Chris: I understand the idea that you should start your five best guys, but the Thunder have never really adhered to that, anyway (see: Perkins, Kendrick). The Thunder survived Westbrook's absence largely because Reggie Jackson is a really good sub, sure, but also because they maintained at least some level of continuity. Putting Morrow at the shooting guard spot and starting any of the Lamb/Jones/Roberson lot (heck, try them all!) at SF gives the Thunder at least mild threats on the wing to allow Westbrook more space to attack early on - something he's always been very good at anyway. It also allows Jackson to stay in control of the second unit, something that will be more important than ever now that points as a whole will be harder to come by.
Question 3: What does Durant's injury mean for the Thunder in the long term?
Kevin: The fun thing here is that Andre Roberson, Jeremy Lamb and Perry Jones III are going to be thrown into the fire here. It's a chance for them to prove themselves and gain some valuable real-game experience. If they flop, the worst case scenario is the Thunder end up falling to like the fifth seed or something. If they pan out, the Thunder have a deeper bench for the playoffs and a valuable young depth piece moving forward.
DTD: Long term, the Durant injury gives the duo of Westbrook and Ibaka time to gel more and to refine their pick and roll game. Ibaka is a noted pick and pop player, but with added strength this offseason Ibaka is sure to see more time in the paint this season. Ibaka is going to get his chance to shoulder more of the load on offense as well. With a top flight point guard leading the way it's a perfect storm for Serge Ibaka to take the next step in his career. This is also a chance for Scott Brooks to prove his coaching chops. There has been much talk of a new more pass oriented offense. This team is now lacking the best one on one scorer in the game and will need to rely more than ever on passing. Let's hope this new offense is a real thing. If it is, Durant may find himself with the best Thunder team he's been a part of come December.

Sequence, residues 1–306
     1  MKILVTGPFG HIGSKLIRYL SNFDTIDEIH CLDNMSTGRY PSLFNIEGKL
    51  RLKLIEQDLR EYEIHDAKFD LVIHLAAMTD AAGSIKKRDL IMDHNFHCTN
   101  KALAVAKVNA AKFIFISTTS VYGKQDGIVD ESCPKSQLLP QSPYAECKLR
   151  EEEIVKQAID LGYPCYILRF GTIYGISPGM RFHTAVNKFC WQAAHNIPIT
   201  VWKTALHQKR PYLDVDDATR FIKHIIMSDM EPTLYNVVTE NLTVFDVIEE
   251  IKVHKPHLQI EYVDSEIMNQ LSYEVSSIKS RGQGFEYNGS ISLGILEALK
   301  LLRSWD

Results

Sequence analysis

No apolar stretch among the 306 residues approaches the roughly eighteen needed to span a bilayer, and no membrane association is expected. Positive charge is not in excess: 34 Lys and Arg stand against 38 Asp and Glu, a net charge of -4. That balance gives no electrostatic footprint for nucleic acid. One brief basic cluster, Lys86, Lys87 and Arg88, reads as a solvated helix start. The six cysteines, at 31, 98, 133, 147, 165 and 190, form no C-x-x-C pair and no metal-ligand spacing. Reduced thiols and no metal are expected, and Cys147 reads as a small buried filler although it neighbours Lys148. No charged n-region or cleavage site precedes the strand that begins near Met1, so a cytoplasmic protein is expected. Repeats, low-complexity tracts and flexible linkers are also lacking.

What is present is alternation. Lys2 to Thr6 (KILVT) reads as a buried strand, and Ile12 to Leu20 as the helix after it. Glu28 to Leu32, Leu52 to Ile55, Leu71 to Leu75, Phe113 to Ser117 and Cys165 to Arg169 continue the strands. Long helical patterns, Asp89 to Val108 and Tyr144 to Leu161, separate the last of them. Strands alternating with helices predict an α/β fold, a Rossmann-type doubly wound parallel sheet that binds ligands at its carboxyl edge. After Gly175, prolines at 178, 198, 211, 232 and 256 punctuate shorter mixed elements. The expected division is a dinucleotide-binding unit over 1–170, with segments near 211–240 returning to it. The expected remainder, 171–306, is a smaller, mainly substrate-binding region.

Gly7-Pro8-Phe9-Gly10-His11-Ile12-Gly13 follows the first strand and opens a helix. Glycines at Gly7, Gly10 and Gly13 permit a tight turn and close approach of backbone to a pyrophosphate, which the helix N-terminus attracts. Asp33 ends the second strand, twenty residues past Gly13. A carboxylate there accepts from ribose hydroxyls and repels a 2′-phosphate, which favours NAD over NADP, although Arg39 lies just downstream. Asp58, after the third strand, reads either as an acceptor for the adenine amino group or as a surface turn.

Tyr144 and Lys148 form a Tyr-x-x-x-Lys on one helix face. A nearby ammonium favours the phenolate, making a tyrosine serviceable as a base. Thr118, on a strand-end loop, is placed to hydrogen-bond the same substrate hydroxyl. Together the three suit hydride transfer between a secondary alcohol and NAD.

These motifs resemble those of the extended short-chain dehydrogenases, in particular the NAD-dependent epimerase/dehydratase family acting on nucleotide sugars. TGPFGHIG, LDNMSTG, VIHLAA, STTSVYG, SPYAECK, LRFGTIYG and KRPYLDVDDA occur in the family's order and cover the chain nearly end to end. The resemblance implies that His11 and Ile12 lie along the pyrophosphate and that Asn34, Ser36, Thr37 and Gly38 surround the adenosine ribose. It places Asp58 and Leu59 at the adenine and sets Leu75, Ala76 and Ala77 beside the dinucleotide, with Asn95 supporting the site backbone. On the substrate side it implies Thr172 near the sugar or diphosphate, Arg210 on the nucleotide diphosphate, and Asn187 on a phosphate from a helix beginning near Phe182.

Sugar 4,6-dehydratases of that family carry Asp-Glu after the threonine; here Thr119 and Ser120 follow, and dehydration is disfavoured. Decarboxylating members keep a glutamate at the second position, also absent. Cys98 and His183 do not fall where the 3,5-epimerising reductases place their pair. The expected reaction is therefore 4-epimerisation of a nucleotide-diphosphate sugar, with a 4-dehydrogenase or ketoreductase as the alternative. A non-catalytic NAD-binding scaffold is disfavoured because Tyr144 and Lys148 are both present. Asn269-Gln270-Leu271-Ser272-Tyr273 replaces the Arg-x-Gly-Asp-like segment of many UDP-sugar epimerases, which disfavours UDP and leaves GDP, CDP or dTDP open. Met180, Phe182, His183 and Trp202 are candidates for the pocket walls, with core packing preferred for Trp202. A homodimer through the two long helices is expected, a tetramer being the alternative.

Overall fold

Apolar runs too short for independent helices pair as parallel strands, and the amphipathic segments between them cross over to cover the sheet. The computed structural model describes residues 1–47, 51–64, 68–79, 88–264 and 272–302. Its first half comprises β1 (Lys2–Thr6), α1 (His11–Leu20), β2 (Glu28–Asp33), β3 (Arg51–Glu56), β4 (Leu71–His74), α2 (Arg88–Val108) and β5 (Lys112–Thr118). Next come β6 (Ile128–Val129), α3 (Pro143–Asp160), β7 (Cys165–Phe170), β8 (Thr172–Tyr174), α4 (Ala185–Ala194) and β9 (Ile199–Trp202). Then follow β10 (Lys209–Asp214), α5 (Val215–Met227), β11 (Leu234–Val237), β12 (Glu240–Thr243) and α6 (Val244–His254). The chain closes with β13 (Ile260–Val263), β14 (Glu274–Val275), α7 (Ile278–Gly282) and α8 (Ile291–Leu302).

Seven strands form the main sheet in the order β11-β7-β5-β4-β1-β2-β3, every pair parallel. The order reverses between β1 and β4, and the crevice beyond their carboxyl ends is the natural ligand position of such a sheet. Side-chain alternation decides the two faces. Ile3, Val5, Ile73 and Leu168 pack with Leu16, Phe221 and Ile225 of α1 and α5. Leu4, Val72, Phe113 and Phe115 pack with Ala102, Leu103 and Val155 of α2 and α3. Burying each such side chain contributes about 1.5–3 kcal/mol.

Justin: Like I said before, losing some games at the beginning of the season could potentially mean OKC falls to a 3-5 seed. However, I feel like that won't be the case. The only worrisome question on my mind is, "will this be a lingering issue?" Will KD fully recover from the surgery and will he ever come across another foot fracture? Let's wish him a speedy recovery.
Craig: The long term effects of this injury could be very interesting. First off, how time is Durant going to miss? Reports are it is going to be 6-8 weeks and the Thunder are exploring possible surgery options for Durant. What happens if there are complications and that 6-8 timetable now shifts to 8-12 weeks? When you start floating out timetables people start having expectations on when their superstar should be back. And if the timetable shifts people get worried that it is something worse. We saw a little of this with Westbrook and his knee injury. Thankfully for the Thunder when that happened they still had KD to pick up the work load.
Another concern is how big of a hole does this put the Thunder in the Western Conference. Lest we forget how insanely deep the West was last season. There are the reigning champions in the San Antonio Spurs, along with the Clippers, Rockets, Warriors and the Blazers. The Mavericks and the Suns appear to have approved upon last season. And call me crazy but I think the Pelicans will be a force in the West as well being that they have the next great superstar in the league. I don't think the Thunder are in any danger of not making the playoffs but the last few seasons the Thunder have finished at or near the top of the Western Conference. That is going to be a lot harder to do when you are missing Kevin Durant for an extended period of time.
How does the offense look without Durant there? We saw what the offense looked like without the spark plug Russell Westbrook last season. I am a huge Westbrook fan and think he will be up to the task of trying to fill Durant's shoes but what happens to the rest of the guys on offense? Serge Ibaka now becomes the second option on the team and any thought that he is going to make the jump to being a consistent night in and night out offensive force has left the building. Does everyone start trying too hard and pressing too much on offense because they know KD isn't there to bail them out? I am worried about everyone not named Westbrook when it comes to the offense sans Durantula. The silver lining is that this is the chance for Westbrook to show everyone he is a top five player and the best point guard in the NBA.
Chris: Worst case scenario, of course, is that the Thunder struggle, Durant comes back but doesn't look right, continues to battle a foot injury all year (or, gulp, career) and the Thunder never recover. That's obviously an extreme circumstance, and it's also entirely possible that it just means the young guys will get more experience playing basketball at a high level. Then, by the time the games start to actually matter, we won't see the Thunder revert to their old selves and play Westbrook and Durant vs. the world, because the entire roster will be more confident in their ability to influence games.
In truth, it's a giant question mark, but KD seems to be taking it in stride:
It's all good. Thanks for the love. I'll be fine, it's a great year to be a thunder as the great @ROYALTIVEY would say— Kevin Durant (@KDTrey5) October 13, 2014
He's never led us astray before, so maybe it's best to take his word for it, wait until he heals, and enjoy the Westbrook show in the meantime. It could end up being pretty fun.
Tell us what you think of our experts' opinions below as well as what you think the solution is for the Thunder to stay afloat!